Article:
autumn lightIt’s in the air. The slightly cooler mornings; the first tinge of russet on the leaves; the damp earthy smell on wet days; Autumn is on the way.

Soon we’ll be able to indulge in smoky bonfires at dusk and throw on a thick sweater for gardening. And while the plants and flowers have their last burst of colour, there is a general feeling in September, that everything is gently collapsing, even while the dahlias are having their last ‘hurrah’.dahlias

But, Autumn can be a really invigorating time in the garden – a chance to clear out the debris, assess what’s worked and make plans for the following year. The vegetable garden can also be exciting as squashes and pumpkins swell and harvests of autumn fruits and veg hit their peak. So don’t despair as you watch things ‘go-over’ – there’s plenty to keep you busy in the garden and looking forward to the coming months.

Keeping the show going…


Plants such as sedum and crysanthemum will keep flowering into the Autumn, as will many other plants, so keep deadheading roses, dahlias and penstemons as long as you can.

Continue to feed and deadhead your containers and hanging baskets until the first frosts.

Plant out garlic bulbs and Autumn onion sets.

Enjoy collecting the harvest! Autumn raspberries, ripening apples, blackberries, potatoes, carrots…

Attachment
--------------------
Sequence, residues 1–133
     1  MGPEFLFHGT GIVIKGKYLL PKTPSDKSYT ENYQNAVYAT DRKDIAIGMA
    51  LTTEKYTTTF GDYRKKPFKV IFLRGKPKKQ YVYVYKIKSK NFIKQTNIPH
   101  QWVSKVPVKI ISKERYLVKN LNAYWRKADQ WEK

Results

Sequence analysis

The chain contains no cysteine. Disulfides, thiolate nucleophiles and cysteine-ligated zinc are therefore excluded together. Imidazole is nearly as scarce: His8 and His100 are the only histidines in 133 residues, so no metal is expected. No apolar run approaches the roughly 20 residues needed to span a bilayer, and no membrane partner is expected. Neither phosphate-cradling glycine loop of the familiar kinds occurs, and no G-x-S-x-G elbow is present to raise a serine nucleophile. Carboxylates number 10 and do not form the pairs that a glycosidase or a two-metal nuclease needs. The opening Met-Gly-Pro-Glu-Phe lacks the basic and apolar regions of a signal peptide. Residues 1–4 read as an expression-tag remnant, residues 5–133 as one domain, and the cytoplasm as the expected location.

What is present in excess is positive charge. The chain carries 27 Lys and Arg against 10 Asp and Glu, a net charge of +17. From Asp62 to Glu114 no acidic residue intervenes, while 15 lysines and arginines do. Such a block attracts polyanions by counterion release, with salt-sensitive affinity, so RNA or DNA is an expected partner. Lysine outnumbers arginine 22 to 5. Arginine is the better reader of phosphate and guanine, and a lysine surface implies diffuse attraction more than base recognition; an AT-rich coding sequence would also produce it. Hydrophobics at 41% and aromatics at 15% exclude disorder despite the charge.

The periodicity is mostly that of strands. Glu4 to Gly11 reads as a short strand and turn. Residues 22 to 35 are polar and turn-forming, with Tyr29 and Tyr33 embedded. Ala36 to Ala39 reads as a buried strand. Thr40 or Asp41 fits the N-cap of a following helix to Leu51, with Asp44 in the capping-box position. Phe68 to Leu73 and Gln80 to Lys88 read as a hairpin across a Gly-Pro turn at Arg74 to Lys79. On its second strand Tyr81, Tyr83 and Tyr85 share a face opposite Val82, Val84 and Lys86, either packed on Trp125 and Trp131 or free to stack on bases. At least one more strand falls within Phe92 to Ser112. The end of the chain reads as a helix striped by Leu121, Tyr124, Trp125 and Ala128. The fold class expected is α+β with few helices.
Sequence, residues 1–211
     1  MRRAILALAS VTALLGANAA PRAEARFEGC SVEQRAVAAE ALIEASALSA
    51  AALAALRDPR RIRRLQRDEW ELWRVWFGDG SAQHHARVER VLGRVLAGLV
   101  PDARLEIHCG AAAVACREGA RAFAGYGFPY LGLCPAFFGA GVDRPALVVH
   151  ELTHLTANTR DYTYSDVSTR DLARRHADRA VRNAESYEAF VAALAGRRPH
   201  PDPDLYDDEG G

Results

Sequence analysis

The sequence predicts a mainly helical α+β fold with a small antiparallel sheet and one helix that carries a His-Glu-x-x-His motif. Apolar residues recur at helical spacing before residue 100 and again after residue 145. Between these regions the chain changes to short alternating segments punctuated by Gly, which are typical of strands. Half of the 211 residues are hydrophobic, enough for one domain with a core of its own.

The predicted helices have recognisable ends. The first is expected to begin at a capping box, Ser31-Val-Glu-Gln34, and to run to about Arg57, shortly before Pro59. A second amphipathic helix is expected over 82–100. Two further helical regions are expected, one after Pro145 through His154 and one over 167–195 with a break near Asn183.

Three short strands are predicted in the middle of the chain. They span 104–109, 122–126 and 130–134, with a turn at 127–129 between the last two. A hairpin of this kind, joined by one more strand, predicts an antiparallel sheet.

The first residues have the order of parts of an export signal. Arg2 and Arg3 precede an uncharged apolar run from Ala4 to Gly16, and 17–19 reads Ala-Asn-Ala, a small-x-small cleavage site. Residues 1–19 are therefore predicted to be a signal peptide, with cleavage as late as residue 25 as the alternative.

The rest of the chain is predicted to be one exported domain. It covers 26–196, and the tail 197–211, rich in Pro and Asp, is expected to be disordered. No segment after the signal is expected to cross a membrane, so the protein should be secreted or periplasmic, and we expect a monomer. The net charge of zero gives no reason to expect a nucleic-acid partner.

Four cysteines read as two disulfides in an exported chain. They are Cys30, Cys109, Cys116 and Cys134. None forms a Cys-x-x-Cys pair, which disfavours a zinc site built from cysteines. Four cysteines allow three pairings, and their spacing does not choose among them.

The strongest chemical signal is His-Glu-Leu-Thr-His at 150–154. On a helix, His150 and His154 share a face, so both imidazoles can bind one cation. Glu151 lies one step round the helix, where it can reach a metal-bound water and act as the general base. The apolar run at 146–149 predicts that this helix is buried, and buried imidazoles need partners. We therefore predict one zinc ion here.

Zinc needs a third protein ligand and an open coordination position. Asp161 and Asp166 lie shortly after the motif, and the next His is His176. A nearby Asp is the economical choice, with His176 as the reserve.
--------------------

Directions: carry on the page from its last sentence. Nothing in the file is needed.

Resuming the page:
Liz Gardener showed off some colorful carrots she grew from seed. Gardener has a xeriscape garden in both the front and back yards of her Denver home which includes both decorative plants and vegetables.  Gardener was photographed at home November 1, 2012.  Karl Gehring/ The Denver Post

Getting ready for next year…

Plant out biennials like wallflowers, violas and foxgloves.

You can also plant new perennials into your borders in early Autumn, while the soil is still warm.

As the weather cools cut back and divide herbaceous perrenials to create new plants and fill gaps for next year.

pumpkinHelp pumpkins ripen for Halloween by removing any leaves covering the crop and keeping them off wet ground.

Start planting hyacinths, daffoldils and narcissus for next spring.

Clearing up after the party…

Clear old bean and pea plants to the ground once they’ve finished cropping.

Pot up strawberry runners to make new plants for next year; also clear away any straw form the base of the plants to prevent diseases over the winter.

Weed the veg plot to reduce weeds over the winter.

For more information see the RHS link on monthly jobs here:

And, don’t forget to contact Grayshaw & Yeo if you want help or advice with clearing your garden in the Autumn. Click HERE to find out more on our Gardening Services page.